Seiyu, the Japanese retailer in which Wal-Mart has a 37.7% stake, upset investors yesterday [Tuesday], unveiling worse-than-expected losses.
Net losses came in at ¥90.8bn (US$760m) for the year, well down from the ¥5.2bn profit it reported a year ago, and behind recent forecasts. The poor performance was attributed to a special loss of ¥102.6bn, attributed in part to a drop in the value of its share in the Seibu department store group.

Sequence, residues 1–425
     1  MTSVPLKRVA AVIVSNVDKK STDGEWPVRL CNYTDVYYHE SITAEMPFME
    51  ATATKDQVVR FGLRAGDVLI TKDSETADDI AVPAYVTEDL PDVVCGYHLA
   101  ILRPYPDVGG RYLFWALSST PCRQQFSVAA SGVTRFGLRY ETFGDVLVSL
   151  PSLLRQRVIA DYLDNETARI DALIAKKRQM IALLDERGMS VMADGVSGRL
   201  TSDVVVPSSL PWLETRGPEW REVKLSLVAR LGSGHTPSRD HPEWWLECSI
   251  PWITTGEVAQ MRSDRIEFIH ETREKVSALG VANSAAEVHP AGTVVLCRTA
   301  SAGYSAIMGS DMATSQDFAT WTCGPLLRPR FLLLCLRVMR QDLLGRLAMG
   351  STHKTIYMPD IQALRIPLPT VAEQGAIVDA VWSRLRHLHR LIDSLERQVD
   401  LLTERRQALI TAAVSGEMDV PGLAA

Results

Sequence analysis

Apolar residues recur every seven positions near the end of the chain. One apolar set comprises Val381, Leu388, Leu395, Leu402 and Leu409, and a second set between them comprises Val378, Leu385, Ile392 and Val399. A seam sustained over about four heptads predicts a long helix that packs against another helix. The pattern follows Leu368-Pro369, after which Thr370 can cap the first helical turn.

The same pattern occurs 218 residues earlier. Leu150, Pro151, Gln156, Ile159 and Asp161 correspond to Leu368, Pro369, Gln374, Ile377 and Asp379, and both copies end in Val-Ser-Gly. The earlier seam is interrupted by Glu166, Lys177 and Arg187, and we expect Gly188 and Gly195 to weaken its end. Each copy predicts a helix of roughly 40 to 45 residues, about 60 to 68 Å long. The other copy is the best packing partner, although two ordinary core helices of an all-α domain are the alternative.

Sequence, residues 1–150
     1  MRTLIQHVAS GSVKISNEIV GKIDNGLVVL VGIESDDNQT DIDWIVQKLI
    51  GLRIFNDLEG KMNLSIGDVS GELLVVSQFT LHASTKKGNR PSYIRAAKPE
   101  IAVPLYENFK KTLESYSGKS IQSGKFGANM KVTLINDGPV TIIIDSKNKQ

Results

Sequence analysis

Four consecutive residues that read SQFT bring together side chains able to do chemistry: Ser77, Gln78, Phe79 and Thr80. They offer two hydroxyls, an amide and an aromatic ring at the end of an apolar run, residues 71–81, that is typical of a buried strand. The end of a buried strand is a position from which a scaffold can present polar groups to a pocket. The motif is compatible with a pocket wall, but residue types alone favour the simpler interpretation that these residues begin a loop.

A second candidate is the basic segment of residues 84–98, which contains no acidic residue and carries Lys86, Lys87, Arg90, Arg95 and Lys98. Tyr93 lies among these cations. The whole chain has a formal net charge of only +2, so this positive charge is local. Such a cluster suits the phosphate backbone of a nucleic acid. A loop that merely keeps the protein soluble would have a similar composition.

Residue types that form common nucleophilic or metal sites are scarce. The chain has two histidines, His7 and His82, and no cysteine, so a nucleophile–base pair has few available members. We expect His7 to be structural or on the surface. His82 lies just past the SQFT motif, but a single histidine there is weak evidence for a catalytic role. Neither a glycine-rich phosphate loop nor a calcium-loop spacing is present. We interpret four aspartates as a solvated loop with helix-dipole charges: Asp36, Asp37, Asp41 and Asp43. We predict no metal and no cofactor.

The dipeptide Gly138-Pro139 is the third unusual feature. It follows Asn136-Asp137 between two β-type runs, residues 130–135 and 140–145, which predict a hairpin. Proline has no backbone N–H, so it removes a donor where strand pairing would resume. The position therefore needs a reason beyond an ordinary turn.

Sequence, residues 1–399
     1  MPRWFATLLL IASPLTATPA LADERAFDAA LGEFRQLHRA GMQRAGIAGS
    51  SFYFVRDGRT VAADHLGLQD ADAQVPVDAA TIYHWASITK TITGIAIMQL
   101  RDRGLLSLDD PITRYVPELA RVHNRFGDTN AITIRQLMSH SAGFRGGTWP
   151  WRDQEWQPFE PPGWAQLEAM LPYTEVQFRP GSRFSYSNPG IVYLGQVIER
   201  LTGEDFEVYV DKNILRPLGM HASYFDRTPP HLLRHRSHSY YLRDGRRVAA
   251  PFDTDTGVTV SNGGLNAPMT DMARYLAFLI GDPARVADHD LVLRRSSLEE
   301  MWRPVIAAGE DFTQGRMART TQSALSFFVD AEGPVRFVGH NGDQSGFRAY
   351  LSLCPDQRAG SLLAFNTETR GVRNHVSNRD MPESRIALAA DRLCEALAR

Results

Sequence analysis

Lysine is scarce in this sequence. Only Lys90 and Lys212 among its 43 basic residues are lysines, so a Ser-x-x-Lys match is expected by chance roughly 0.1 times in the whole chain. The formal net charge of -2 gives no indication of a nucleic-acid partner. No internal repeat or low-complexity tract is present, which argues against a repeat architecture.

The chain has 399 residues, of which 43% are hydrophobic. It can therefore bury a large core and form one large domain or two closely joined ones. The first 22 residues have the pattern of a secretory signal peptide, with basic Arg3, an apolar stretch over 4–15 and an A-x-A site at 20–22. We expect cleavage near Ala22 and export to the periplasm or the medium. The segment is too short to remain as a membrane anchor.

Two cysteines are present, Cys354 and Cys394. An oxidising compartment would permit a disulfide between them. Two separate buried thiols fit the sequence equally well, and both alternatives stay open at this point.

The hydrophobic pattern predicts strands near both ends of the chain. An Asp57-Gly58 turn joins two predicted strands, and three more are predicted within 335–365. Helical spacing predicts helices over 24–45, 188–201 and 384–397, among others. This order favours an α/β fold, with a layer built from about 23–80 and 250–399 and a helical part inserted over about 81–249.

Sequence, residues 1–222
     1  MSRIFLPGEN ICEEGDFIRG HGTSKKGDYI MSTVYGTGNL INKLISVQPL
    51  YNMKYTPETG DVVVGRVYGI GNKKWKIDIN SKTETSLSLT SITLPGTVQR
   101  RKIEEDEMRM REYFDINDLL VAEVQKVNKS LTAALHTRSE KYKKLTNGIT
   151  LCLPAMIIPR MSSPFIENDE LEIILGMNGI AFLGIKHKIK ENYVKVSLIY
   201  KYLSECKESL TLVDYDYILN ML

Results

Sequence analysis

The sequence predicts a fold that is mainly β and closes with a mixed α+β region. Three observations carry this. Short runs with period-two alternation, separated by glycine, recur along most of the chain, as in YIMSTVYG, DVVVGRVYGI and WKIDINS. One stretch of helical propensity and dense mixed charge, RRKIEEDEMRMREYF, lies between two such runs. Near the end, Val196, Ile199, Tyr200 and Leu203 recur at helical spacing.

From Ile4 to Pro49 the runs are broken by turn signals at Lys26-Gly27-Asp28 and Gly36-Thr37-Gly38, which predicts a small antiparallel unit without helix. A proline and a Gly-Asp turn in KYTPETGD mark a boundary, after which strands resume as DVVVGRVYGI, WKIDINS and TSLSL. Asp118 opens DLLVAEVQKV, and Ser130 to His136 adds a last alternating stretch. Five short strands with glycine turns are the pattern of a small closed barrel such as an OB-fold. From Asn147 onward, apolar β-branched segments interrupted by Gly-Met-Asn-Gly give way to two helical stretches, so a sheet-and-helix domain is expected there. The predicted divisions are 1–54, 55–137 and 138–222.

On a brighter note, sales improved 2.8% to ¥1.397bn, although operating profit declined by 17.5% to ¥16.6bn.
Looking forward, the company was bullish, anticipating a net profit of ¥3bn on sales between March and December.
Seiyu has recently changed its financial year to end in December rather than February. The group also announced plans to set up an executive committee as preferred by US corporate governance norms, and to issue employees with stock options. These changes follow the appointment of five Wal-Mart executives to the board of Seiyu, and are yet to be approved by shareholders.